And he and others involved with the initiative said holding companies accountable for their employees’ health is important — not just for the workers, but for stockholders. They point to a study recently published in the Journal of Occupational and Environmental Medicine, which found that several companies that had won an award for wellness programs outperformed the S&P 500.
It’s important to note, however, that the awards only honored companies with good programs; it wasn’t an award for the healthiest employees. And there’s no proof that the financial gains had anything at all to do with employee weight or mental health. But Yach said he was convinced that it was “more than a pure chance finding.”
Furthermore, he said, employee health data might be useful to investors.
STAT contacted more than a dozen investors to see if they, in fact, wanted such information. Only the Tennessee Department of Treasury responded to specific questions.
Their response? “We really do not have an opinion on this novel information.”
I will consider providing the information under one primary condition:
1. There is no exception for any person; everyone has to provide the necessary information, including presidents and ALL members of Congress.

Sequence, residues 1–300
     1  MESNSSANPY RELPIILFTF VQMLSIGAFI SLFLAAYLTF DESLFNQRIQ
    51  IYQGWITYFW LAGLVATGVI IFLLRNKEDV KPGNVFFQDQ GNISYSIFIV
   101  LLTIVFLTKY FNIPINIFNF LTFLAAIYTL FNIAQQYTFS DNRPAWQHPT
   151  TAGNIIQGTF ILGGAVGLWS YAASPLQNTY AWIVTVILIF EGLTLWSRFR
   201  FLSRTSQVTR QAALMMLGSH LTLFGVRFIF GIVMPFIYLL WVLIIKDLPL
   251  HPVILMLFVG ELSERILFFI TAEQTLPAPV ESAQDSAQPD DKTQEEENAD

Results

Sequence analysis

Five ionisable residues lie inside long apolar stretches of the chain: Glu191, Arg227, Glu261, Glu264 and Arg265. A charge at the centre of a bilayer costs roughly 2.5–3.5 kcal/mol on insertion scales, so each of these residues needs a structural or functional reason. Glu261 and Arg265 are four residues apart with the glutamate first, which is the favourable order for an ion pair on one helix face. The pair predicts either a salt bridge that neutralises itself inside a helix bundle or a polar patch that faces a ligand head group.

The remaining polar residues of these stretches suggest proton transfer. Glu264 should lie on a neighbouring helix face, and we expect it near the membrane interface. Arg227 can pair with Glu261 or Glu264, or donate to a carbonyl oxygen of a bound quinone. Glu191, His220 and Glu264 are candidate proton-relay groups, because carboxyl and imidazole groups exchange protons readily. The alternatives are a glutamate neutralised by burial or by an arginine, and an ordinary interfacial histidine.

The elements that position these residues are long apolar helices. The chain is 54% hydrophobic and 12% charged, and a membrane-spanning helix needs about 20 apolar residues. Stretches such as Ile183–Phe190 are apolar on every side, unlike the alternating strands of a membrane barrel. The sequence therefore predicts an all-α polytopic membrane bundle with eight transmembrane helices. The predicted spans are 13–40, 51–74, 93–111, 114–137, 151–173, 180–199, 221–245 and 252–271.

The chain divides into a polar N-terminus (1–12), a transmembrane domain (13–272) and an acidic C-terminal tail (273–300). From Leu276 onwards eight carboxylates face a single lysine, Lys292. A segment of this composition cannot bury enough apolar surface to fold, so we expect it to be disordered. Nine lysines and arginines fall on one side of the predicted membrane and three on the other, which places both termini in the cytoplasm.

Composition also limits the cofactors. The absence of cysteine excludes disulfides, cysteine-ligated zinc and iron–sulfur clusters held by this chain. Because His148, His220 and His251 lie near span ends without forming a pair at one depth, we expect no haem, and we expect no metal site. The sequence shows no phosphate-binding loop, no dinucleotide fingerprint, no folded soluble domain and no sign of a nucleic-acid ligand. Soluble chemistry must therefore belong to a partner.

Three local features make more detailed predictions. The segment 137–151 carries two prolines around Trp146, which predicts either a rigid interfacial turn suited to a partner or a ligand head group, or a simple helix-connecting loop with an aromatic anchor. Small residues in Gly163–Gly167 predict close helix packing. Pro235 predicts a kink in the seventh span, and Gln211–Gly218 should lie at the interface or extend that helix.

2. There is no personally identifiable information associated with the data collected.
3. A non-profit, third party entity is responsible for aggregating the information and publishing the data.
4. The companies that desire the data will be responsible for paying for the data they receive. This price will be tied to volume and value to the requestor so that a large entity will receive a proportional value as a small entity.
5. The current version (how frequently is the information collected?) plus one version older would be maintained. All others would be purged by collection date.
There is another big question as to the validity of the information, which would depend greatly on how the it was obtained. Via government forms (IRS forms?), doctors, insurance companies, volantary etc would all have pros and cons.